CODA’s dominance during the awards season culminated in three wins out of three at the Academy Awards. The tearjerker follows Ruby Rossi, a CODA (child of deaf adults) who’s the only hearing person in her family. She enjoys her role as interpreter of the family but soon arrives at a crossroads: leave to grow her singing career or stay to support her fishing family.
CODA’s biggest triumph lies in its representation of the deaf community. The film incorporated ASL into 40% of the script, used a cast with hearing disabilities, and accurately brought out the struggles experienced by deaf people.
CODA is not based on real life but tries hard to mimic real situations
CODA’s writer, Sian Heder, spent many summers in Gloucester. She based the film there and wanted the struggles of its fishing community brought out.
Like the Gloucester community, the Rossi family struggles to remain afloat under the weight of discriminative fishing regulations. Fishing legislation has made fishing more expensive, threatening to wipe out most of the fishermen in Gloucester.
To better understand the fishing experience, the cast spent time on a trawler named Angela & Rose. CODA’s director also contacted fishermen’s associations as part of her research. Consequently, the cast became proficient in the ways of local fishing, creating more authentic scenes onscreen.
Heder wanted the experiences of a deaf family living with a CODA to be as accurate as possible. Therefore, she learned ASL quickly to better communicate with her deaf actors.
Casting deaf actors made her work easier as they could incorporate their experiences into the film. Troy Kotsur (Frank Rossi) gently held his daughter’s throat when she was in kindergarten so he could feel her singing.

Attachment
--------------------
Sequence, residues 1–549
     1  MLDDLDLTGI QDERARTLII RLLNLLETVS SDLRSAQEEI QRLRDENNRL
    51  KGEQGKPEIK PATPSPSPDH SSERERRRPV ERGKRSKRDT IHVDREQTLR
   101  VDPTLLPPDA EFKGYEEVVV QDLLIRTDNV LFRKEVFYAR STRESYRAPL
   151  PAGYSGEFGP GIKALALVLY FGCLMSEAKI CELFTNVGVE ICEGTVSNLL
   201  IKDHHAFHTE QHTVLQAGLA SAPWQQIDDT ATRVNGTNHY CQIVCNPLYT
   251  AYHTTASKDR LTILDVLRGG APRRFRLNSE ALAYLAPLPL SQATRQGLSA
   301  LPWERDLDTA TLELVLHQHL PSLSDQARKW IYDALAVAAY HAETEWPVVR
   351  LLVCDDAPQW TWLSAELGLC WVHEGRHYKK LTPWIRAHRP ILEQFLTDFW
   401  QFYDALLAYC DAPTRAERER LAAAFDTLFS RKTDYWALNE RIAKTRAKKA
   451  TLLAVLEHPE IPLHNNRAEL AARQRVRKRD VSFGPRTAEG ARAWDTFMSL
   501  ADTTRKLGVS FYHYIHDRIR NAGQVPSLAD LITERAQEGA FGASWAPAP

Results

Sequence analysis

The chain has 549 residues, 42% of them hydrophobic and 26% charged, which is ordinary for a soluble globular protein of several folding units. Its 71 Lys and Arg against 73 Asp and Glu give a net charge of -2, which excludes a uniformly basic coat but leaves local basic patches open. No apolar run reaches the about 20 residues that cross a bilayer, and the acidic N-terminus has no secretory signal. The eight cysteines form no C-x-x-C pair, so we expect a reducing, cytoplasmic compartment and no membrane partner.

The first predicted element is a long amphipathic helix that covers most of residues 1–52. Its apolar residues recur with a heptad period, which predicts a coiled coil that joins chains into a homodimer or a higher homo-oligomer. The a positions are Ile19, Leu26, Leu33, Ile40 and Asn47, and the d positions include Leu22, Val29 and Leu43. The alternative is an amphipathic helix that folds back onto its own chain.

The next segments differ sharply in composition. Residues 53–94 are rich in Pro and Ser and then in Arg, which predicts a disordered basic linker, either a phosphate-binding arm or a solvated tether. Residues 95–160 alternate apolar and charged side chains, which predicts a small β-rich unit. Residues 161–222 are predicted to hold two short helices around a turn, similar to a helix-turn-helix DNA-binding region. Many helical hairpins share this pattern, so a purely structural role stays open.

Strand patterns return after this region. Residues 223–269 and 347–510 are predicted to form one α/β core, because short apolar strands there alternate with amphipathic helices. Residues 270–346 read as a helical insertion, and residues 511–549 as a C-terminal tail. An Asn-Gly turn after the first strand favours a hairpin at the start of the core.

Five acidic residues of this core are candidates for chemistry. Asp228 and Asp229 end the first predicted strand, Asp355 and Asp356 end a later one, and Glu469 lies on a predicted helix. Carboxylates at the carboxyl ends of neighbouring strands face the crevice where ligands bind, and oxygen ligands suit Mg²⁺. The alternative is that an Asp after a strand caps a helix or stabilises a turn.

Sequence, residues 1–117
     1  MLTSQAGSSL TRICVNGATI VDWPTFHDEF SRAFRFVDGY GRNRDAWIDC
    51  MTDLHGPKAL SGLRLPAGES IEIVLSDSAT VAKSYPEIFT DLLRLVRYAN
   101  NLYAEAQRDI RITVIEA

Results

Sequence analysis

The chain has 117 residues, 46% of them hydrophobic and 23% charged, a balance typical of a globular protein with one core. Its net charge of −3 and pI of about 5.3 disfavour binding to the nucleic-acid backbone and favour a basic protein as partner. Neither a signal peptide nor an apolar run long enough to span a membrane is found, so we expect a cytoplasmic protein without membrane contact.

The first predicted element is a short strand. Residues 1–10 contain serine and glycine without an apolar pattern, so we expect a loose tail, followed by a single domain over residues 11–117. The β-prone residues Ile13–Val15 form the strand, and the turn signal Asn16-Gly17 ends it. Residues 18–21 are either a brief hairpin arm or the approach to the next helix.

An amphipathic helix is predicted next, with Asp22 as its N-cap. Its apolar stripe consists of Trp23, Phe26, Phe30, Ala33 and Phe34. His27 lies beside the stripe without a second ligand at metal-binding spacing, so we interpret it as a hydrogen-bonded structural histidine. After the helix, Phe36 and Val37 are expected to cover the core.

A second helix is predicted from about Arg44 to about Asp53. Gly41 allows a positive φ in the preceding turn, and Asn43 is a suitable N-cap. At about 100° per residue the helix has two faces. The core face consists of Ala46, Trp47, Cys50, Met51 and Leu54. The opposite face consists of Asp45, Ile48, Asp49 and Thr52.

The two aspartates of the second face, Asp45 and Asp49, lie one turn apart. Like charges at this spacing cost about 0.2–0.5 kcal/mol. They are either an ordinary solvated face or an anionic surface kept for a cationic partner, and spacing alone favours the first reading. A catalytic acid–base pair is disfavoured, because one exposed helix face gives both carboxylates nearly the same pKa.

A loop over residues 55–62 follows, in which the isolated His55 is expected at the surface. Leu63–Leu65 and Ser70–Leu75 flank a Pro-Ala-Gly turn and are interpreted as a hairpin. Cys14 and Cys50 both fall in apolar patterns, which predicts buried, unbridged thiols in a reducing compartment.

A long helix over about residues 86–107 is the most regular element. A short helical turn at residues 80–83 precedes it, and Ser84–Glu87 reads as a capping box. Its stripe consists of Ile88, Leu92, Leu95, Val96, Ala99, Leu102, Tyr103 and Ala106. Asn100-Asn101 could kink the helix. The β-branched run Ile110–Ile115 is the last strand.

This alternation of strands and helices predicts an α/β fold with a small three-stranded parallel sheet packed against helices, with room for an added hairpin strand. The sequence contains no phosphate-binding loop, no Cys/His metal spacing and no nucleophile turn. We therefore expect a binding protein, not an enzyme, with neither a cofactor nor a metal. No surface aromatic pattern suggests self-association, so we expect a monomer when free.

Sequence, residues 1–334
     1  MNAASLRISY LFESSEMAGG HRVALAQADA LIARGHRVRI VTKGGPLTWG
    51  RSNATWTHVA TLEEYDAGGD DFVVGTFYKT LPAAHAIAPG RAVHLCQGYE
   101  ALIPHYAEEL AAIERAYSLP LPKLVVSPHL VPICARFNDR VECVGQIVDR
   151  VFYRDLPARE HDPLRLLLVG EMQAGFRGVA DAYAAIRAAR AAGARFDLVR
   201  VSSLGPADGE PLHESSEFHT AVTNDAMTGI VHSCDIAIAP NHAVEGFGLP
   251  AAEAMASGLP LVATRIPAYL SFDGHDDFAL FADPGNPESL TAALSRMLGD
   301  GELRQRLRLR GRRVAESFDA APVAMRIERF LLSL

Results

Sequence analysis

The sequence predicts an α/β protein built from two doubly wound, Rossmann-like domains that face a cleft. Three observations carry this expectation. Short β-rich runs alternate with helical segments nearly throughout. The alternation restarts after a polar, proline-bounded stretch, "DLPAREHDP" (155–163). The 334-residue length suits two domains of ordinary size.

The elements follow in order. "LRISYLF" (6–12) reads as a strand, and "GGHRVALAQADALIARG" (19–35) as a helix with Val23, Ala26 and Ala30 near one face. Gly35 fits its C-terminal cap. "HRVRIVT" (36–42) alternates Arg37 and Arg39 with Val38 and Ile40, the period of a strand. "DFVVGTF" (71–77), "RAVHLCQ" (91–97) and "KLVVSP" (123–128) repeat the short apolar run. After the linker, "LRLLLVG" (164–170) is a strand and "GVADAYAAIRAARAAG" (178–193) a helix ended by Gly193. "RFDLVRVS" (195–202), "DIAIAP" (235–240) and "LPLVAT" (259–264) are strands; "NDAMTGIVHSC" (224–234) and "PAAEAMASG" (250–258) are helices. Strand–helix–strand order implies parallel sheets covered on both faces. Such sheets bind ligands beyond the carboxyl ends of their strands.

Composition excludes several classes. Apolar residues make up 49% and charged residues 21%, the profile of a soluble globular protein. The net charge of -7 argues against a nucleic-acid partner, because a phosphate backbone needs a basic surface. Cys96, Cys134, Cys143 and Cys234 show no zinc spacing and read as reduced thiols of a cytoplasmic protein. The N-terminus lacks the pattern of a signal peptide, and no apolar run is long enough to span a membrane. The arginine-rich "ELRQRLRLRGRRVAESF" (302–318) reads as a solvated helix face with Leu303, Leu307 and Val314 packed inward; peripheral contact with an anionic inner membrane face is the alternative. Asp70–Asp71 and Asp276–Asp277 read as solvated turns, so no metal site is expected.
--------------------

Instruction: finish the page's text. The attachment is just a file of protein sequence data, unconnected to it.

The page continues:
In CODA, Frank gently feels Ruby’s neck so he can experience her singing. Troy uttered the word ‘Go’ in the film, resulting from intense practice and trust of instinct.
The community in Gloucester makes little effort to communicate with the Rossi family, forcing Ruby to become an interpreter. Research suggests that non-deaf CODAs often assume the role of interpreters in their families.
The Rossi family in the film looked and spoke like a proper Massachusetts family. In search of authenticity, Sian incorporated the local dialect, including crude phrases, into the film’s ASL.
Sian ended up with a film with no real-life basis but one that mimics reality almost to a tee.
The filmmakers tried hard to find deaf actors to fill deaf roles
CODA star Marlee Matlin almost left the film after hearing that her onscreen husband would be a hearing actor. “I said, ‘Thank you, but I’m out,’” Matlin told The Hollywood Reporter. “I truly felt like I would rather see the movie not get made than to see the movie get made with hearing actors,” the film’s director concurred.
In the end, the deaf members of the Rossi family were portrayed by deaf actors: Oscar-winner Troy Kotsur as Frank, Ruby’s dad; Oscar-winner Matlin as Jackie, Ruby’s mom; newcomer Daniel Durant as Ruby’s brother Leo.